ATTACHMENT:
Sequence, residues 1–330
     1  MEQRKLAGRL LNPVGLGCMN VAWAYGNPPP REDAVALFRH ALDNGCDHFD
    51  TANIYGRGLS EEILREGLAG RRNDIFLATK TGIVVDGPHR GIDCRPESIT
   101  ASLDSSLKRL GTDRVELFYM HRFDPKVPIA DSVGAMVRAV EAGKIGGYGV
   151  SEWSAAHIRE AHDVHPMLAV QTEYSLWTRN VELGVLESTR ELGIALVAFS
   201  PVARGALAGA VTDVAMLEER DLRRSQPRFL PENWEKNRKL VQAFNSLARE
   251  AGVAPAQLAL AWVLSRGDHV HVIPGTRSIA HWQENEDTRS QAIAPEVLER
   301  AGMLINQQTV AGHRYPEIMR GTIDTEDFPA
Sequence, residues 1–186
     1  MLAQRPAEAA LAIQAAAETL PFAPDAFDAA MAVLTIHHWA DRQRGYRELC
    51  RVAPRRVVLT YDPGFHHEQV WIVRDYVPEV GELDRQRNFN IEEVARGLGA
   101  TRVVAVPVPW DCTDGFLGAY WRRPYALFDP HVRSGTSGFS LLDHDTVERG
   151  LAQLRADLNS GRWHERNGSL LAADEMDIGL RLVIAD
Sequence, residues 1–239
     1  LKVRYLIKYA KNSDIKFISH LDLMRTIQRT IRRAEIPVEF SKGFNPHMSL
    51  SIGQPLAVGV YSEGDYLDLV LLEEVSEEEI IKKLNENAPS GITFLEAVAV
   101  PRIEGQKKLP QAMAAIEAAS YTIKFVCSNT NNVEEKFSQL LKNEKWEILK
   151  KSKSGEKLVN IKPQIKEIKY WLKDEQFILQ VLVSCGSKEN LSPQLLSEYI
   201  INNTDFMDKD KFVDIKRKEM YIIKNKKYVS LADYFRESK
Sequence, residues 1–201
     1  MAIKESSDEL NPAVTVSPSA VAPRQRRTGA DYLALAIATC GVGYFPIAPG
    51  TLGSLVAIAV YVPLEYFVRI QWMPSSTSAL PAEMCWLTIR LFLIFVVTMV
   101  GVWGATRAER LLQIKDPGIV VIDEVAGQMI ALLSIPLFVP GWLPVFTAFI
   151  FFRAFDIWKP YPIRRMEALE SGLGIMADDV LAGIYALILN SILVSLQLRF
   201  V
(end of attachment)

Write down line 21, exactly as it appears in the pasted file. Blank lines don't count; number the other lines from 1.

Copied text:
     1  MAIKESSDEL NPAVTVSPSA VAPRQRRTGA DYLALAIATC GVGYFPIAPG